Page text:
What is Mohiniattam Dance?
Mohiniattam, the dance of the enchantress is a semi-classical dance form with its origins in the state of Kerala, situated in southwestern India. The Hindu god Vishnu had incarnated as the enchantress and seductress Mohini, this dance is in honor of her. According to Hindu mythology, Mohini appeared when the ocean was churned by the Devas and Asuras for the Elixir of Immortality. However, when the Elixir emerged the latter attempted to snatch it. That is when Vishnu appeared in the form of Mohini and cast a spell of enchantment on the Asuras. Stunned by her alluring beauty and charm the Asuras lost their senses and the Devas carried away the elixir. And thus, saved the universe from destruction. The myth of Mohini forms the core of all mohiniattam performance.
Mohiniattam’s entrancing grace makes it distinctively different from all other dance forms of India. In its present form, mohiniattam is hardly two hundred years old. The dance form has undergone, stylistic changes before it assumed its present stage. Traditions are never stagnant; they evolve with time, by responding to aesthetic concepts and social tastes of a changing audience. Mohiniattam is a solo performance by female artists. The dance emotes a play through dancing and singing where the song is customarily in Manipravala, which is a mix of Sanskrit and Malayalam. Additionally, the dancer herself or the vocalist performs the recitation in Carnatic music style.
Mohiniattam dance form evolved from the state of Kerala which also has an association with the old tradition of Lasya style of dancing. The temple sculptures are the earliest manifestations of mohiniattam. The poses in this dance form are also palpable from the various feminine sculptures that adorn the 11th century Vishnu temple at Trikodithanam, and the Subramanya temple. Malayalam bards and playwrights incorporated the Lasya theme ; a fact evident from the text-based records starting from the 12th century. The 16th century book titled ‘Vyavaharamala’ written by scholar, poet, author, and astrologer Mazhamangalam Narayanan Nambudiri is the first known book mentioning mohiniattam in connection with a payment due to a mohiniattam dancer.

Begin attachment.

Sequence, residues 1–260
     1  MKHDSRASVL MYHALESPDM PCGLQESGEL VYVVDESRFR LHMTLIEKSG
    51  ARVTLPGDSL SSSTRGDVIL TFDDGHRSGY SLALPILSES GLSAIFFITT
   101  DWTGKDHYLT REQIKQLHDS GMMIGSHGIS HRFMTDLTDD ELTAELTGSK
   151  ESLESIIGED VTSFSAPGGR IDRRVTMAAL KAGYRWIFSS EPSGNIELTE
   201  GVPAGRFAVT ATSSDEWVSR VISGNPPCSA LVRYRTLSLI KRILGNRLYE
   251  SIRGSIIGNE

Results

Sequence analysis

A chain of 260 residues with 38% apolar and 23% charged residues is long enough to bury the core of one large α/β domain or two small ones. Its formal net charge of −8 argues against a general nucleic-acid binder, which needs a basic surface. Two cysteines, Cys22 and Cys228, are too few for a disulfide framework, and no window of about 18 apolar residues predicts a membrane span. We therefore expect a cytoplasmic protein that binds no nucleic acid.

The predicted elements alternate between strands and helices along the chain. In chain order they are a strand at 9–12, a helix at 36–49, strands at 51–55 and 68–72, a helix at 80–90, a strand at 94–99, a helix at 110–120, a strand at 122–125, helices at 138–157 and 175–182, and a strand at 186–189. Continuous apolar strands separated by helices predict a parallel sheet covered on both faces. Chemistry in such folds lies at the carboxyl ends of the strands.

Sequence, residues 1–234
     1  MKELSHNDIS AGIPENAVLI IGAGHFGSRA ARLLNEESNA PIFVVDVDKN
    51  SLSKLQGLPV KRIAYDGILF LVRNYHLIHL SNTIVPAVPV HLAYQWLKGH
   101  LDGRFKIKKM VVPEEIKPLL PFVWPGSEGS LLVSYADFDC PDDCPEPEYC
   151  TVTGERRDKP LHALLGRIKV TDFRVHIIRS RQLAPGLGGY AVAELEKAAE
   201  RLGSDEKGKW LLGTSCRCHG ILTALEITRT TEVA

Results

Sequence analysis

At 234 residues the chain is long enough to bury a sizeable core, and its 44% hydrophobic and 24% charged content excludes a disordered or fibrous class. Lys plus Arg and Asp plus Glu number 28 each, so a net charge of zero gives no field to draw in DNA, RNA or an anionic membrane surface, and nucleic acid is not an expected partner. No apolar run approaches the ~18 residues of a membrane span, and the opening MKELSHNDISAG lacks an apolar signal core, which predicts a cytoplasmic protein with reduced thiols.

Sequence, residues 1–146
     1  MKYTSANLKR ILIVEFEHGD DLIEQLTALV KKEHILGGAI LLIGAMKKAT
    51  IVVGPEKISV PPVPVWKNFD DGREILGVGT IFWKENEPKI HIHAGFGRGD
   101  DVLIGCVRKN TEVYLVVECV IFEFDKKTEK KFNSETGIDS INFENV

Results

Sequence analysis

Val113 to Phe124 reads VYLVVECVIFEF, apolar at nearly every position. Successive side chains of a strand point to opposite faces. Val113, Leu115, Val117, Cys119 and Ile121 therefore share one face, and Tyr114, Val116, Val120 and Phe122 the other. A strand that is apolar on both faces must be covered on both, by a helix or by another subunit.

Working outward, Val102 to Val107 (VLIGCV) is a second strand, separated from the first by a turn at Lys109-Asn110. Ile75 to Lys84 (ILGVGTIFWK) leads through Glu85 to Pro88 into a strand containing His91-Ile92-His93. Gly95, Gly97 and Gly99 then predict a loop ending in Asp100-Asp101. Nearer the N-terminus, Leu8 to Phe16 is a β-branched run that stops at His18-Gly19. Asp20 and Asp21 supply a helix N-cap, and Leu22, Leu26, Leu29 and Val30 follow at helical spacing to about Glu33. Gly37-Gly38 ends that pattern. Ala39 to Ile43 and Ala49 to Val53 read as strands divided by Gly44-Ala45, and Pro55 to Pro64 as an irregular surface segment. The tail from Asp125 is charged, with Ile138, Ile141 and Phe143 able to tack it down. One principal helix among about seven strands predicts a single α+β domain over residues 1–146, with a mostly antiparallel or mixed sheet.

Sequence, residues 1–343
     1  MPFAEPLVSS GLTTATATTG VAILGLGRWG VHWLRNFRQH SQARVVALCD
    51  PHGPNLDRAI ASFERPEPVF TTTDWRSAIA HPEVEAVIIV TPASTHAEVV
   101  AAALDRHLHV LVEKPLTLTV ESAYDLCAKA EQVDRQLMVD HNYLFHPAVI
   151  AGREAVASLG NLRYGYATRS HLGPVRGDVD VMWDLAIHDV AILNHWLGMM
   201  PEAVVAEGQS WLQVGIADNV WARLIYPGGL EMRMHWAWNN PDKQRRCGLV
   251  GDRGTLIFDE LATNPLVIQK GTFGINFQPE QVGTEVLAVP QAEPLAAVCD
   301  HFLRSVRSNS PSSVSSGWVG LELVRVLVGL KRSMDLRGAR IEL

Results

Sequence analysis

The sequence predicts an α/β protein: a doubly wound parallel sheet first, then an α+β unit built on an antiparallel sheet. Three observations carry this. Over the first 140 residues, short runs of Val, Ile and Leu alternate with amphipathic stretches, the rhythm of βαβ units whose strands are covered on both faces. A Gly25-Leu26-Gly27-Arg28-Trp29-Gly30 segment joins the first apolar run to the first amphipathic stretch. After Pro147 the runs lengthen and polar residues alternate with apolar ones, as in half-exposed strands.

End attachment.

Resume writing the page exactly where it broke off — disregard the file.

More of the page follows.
The earliest mention of mohiniattam occurs in a 16th century legal treatise. However, the dance form did not begin to take solid shape until the 18th century. In the mid-19th century Swati Thirunal the king of Travancore revived mohiniattam. By the turn of the 20th century, the dance had again fallen into disfavor due to the presence of erotic art elements in the dance form. The dance provoked moral impropriety some said.
In 1930 poet Vallathol Narayana Menon renewed interest in mohiniattam by including it in the program of his Kerala Kalamandalam. Since then, the dance has been the subject of scholarly research. It has also been a part of the curriculum of other art schools and universities across India.
Traditionally the repertoire of Mohiniattam follows two performance categories; ‘Nritta’ and ‘Nritya’ mentioned in ‘Natya Shastra’. It follows a more graceful, gentle and feminine form of dancing and displays excellence in ‘Ekaharya Abhinaya’.